To identify putative regulators of oxidative-stress genes, we screened the C. jejuni genome sequence (24) for OxyR and Fur homologs. This analysis did not reveal the presence of an OxyR homolog but did reveal the presence of an ORF encoding a second Fur homolog approximately 70 kb from fur. The region containing this second Fur homolog was amplified from NCTC 11168 by PCR, and the nucleotide sequence was confirmed to be identical to the sequence determined by the C. jejuni genome project. The 1.4-kb region amplified contained three ORFs (Fig. (Fig.1).1). The product of the one complete ORF, designated PerR, showed significant homology with bacterial Fur homologs. An alignment of the C. jejuni PerR protein with the B. subtilis PerR and the C. jejuni and B. subtilis Fur proteins is shown in Fig. Fig.2.2. The identity between all Fur and PerR sequences was 17%. However, the identity between the two Fur proteins was 34%, and that between the two PerR proteins was 32%. The ORF upstream of perR encodes a putative transketolase B (tktB) homolog, and the downstream ORF (orf3) did not have any significant homology with sequences deposited in the GenBank and EMBL databases (Fig. (Fig.1).1). The predicted perR gene is 408 bp long, encoding a protein of 15,926 Da with seven cysteine residues and eight histidine residues (Fig. (Fig.2).2). A putative ribosome binding site (AAGGA) was identified 10 bp upstream of the perR gene. There is 86 bp between tktB and perR, and this intergenic region has a very high A+T content of 90.6% and includes a putative stem-loop structure overlapping with the stop codon of tktB. This putative stem-loop structure has a stem of 11 bp and a loop of 5 bp and has a free energy of −8.6 kcal. Downstream of perR a small putative stem-loop structure is found with a stem of 5 bp, a loop of 3 bp, and a free energy of −2.2 kcal. The predicted transcriptional organization of the perR genomic region and the putative stem-loop structures present suggest that perR is transcribed as a monocistronic messenger, unlike C. jejuni fur (8, 29) and thus probably has its own promoter. The PCR primers used to amplify the perR region from C. jejuni NCTC 11168 gave similar-sized products with four other C. jejuni strains, indicating that the organization of the perR region is conserved in other C. jejuni strains (data not shown).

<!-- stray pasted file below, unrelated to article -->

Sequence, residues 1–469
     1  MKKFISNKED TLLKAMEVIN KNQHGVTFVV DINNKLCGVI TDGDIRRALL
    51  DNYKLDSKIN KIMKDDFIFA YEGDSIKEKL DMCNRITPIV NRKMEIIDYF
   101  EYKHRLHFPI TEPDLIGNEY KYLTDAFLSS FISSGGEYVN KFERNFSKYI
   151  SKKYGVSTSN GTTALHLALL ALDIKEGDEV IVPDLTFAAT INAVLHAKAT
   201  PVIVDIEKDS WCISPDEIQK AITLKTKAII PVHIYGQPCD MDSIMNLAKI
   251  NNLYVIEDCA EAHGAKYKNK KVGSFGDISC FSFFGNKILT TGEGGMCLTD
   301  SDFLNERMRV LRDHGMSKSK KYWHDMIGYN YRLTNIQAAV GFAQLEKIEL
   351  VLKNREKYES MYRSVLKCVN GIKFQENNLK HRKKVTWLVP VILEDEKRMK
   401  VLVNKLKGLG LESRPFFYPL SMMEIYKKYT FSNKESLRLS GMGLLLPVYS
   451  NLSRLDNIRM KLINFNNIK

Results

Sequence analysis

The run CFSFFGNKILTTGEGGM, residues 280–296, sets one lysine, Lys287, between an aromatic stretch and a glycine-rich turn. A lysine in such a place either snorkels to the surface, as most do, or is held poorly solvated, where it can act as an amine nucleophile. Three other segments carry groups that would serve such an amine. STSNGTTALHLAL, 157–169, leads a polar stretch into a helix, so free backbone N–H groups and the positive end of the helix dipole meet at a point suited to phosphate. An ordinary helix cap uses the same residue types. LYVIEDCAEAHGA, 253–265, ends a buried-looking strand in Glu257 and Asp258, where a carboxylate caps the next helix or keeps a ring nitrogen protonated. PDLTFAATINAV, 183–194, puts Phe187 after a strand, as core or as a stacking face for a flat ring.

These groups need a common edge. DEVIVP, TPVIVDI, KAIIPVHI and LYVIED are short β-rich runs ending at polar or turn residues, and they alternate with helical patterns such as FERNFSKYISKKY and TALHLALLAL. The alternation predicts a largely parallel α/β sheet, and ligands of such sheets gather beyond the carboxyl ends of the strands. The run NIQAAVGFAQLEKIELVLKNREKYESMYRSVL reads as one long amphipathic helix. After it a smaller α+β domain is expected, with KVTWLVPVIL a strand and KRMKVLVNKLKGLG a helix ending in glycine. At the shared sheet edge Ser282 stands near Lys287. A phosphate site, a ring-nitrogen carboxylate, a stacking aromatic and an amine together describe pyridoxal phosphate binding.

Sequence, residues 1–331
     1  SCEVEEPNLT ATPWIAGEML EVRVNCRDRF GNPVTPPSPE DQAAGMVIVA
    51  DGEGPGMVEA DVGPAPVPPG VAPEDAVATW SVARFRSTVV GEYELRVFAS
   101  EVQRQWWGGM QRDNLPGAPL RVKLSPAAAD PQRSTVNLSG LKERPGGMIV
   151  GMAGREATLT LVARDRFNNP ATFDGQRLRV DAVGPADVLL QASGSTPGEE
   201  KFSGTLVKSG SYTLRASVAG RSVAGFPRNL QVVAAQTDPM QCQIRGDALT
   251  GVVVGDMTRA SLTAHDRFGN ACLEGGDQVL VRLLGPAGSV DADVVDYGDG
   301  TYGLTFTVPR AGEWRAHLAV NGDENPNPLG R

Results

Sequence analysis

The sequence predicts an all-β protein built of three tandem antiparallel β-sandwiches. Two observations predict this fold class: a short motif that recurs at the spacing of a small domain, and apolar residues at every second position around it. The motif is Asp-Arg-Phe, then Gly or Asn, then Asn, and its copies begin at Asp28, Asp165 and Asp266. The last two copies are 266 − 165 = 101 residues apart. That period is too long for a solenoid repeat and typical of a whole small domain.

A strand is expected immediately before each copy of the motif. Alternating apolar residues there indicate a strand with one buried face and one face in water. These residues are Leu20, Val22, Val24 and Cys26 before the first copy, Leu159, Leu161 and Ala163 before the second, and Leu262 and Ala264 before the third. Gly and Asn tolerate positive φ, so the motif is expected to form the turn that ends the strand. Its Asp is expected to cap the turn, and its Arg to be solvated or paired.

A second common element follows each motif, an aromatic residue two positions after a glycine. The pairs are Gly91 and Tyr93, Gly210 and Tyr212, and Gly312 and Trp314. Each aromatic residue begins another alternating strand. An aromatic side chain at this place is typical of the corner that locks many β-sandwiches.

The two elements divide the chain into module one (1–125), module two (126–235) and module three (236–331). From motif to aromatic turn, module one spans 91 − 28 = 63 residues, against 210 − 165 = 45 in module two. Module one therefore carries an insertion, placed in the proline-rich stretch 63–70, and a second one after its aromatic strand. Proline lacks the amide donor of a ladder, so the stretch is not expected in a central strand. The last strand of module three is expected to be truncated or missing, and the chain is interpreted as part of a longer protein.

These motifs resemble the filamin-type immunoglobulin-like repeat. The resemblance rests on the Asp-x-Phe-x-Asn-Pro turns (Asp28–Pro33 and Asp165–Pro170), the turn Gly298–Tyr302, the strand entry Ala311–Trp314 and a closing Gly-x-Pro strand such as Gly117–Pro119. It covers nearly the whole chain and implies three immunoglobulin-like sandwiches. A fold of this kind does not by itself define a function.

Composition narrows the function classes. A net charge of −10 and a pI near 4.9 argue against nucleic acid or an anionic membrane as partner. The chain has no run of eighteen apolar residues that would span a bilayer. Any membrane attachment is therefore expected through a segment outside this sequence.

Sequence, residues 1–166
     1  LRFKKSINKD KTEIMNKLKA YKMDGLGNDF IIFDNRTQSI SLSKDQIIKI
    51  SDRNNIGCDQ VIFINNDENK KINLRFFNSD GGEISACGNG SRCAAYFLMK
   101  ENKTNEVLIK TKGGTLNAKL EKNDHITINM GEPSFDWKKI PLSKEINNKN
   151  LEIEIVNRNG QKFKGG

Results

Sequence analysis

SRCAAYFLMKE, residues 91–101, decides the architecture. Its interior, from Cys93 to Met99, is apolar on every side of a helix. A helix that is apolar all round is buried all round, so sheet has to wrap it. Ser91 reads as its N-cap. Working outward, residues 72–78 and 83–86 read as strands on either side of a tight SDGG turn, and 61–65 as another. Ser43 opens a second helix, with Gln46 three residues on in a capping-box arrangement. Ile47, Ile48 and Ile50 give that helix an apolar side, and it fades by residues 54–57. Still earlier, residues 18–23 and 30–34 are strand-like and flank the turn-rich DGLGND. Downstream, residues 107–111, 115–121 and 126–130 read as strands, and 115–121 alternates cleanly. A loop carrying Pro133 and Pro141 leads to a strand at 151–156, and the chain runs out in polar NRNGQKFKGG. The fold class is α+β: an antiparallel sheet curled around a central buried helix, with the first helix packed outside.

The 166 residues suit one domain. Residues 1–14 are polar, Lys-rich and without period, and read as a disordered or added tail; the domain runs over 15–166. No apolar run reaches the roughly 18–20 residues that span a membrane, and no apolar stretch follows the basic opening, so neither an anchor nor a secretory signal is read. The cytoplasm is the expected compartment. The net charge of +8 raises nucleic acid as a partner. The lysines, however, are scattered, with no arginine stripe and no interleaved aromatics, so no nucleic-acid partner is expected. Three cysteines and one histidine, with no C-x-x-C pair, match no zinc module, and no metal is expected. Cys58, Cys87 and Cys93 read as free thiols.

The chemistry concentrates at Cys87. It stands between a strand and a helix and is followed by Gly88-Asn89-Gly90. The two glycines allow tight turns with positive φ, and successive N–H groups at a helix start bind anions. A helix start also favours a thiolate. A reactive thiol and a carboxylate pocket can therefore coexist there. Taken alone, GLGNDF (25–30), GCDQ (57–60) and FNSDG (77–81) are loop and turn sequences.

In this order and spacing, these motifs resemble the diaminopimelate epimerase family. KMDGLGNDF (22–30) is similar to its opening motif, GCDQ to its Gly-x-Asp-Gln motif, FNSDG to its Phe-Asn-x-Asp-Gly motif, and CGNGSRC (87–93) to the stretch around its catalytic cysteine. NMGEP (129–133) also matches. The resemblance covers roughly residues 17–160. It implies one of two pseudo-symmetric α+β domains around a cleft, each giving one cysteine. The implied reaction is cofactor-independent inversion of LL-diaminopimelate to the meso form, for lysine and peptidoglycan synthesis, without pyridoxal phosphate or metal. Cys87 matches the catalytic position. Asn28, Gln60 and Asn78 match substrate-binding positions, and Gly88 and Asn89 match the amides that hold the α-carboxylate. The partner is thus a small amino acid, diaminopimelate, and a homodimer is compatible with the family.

FIG. 1